Grandmother’s Love

Barbara - Dallas, Texas
Entered on December 5, 2008
Age Group: 50 - 65
Themes: children, family
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I always knew that my grandmother adored us, but I never really understood until I had grandchildren of my own.

When my daughter had her first baby, I stood at the nursery window in awe. The other relatives came and went but I stood watching until it was time for my Lily Grace to go to my daughter’s room. Even then I ran around the corner so that she wouldn’t be out of my sight for more than a second. I didn’t give up my vigil until she was safe in my daughter’s arms. A few weeks later I called my brother and told him that I just found out how much our grandmother loved us – it was even more that we could have imagined. Now that I have 3 grandchildren, my capacity to love has grown even more. I love my daughter unconditionally, but a parent’s love sometimes gets overpowered by the sleep deprivation, responsibility, and worries. A grandmother is freed from those burdens and can just love.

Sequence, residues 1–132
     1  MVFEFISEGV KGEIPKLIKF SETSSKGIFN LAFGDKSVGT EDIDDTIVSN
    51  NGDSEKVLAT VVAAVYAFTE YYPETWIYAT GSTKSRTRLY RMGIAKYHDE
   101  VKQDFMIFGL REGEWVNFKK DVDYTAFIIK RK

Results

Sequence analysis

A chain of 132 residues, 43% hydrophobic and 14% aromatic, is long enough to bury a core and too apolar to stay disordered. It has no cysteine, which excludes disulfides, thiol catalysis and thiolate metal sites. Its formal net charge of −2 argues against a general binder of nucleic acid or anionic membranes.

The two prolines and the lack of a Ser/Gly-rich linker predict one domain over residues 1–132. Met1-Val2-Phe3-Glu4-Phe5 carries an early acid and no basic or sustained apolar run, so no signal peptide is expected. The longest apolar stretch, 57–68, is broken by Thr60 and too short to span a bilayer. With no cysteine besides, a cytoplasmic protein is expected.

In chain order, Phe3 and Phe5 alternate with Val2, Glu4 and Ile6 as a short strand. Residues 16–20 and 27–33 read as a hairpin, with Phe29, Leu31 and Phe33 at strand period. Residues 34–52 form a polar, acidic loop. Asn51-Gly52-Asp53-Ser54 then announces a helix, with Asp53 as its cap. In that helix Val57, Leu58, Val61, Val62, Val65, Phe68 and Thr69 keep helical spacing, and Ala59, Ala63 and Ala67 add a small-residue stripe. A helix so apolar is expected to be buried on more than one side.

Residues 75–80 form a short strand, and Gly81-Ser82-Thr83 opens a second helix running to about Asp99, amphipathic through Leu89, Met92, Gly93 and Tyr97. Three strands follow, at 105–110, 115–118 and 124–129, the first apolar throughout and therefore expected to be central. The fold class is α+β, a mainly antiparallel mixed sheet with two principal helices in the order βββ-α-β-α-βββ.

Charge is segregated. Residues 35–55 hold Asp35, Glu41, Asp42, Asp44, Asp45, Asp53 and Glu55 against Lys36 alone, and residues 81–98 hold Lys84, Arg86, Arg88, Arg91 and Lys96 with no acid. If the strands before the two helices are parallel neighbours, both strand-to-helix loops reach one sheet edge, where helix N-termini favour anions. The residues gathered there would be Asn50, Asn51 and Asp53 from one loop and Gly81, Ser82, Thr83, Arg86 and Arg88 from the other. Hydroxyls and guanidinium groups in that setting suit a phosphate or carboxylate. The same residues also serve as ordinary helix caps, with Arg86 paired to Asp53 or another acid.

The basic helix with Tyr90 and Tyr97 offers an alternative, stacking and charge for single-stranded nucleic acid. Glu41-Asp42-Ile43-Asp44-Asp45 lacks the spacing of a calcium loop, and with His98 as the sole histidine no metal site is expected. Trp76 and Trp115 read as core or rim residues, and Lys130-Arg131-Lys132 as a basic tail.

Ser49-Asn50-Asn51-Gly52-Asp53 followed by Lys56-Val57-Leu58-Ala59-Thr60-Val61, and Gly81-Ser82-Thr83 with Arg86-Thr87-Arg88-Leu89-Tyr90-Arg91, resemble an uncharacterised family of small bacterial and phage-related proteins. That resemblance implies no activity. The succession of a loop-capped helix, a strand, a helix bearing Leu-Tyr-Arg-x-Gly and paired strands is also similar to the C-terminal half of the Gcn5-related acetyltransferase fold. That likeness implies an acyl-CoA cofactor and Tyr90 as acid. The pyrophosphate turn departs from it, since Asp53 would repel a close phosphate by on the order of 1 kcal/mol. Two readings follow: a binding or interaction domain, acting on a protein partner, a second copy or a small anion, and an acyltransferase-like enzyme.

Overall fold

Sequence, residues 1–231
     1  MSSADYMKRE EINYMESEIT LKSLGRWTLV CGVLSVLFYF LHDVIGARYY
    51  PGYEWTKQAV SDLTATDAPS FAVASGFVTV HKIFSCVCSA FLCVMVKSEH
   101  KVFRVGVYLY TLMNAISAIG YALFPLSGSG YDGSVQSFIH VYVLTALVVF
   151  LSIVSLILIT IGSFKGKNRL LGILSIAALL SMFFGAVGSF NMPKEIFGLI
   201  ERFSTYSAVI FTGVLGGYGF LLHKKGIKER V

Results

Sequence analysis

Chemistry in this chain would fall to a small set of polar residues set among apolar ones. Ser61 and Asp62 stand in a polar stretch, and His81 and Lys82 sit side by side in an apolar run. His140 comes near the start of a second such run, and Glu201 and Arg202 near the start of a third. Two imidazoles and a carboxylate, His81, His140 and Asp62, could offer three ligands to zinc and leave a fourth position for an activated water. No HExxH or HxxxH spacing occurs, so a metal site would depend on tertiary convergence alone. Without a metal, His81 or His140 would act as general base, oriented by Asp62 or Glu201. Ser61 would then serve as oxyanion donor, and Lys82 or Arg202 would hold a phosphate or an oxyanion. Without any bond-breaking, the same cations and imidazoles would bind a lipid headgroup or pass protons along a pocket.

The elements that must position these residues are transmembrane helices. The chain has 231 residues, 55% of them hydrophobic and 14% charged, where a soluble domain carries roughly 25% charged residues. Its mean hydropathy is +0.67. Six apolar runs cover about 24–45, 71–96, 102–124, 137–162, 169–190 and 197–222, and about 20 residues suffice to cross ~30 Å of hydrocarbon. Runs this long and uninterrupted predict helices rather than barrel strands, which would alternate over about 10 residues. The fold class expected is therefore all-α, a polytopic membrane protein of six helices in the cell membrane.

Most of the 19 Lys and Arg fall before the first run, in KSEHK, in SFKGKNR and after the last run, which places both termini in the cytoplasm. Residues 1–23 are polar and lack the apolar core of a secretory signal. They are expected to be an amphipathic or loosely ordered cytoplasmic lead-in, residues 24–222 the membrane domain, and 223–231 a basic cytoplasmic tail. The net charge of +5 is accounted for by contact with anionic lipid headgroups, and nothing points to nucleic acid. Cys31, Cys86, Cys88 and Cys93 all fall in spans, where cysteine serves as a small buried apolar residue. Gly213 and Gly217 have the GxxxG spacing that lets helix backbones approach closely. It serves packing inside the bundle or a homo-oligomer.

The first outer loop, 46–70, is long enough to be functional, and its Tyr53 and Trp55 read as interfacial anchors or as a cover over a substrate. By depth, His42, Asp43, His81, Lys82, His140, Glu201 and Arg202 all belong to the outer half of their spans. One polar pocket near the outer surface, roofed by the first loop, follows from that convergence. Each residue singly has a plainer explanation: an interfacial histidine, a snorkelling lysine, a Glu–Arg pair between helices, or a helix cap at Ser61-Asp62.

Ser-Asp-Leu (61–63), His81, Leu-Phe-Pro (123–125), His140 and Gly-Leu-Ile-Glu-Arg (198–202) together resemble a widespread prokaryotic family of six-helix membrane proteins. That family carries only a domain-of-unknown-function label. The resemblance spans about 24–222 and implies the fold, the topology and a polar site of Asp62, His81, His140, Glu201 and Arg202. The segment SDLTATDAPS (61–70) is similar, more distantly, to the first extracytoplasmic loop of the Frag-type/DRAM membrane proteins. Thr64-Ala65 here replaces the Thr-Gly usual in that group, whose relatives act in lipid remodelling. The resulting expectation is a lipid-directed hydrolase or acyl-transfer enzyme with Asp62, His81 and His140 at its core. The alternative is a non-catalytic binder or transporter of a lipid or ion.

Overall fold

This is not to say that my grandmotherly love is reserved only for my daughter’s children. My first grandchildren were actually the grandchildren of my dearest friend. At three, Arianna knew that all she had to do was bring me a book and I would drop everything to read it to her. Joey knew that if we got too wild and silly, I would take the blame. My ex-husband has children with his second wife and when they visit I am in full grandma mode – he may fuss at them but I don’t have to. I play games with the child in the shopping cart in line ahead of me and make silly faces at crying children to make them laugh.

I believe I must love all children with the overwhelming love that a grandmother feels. I believe that all children need to feel that kind of love from someone.

That overwhelming love I feel for my grandchildren has enabled me to love my friends and family more freely. It is a selfless love that doesn’t expect anything in return – not even good behavior. It is liberating to say, “I love you” or to show affection without the need or expectation of hearing “I love you, too” in return, without thinking about disagreements or worrying about the future. This is what I learned from being a grandmother.

As two of our great philosophers, John Lennon and Paul McCartney, said, “All you need is love.”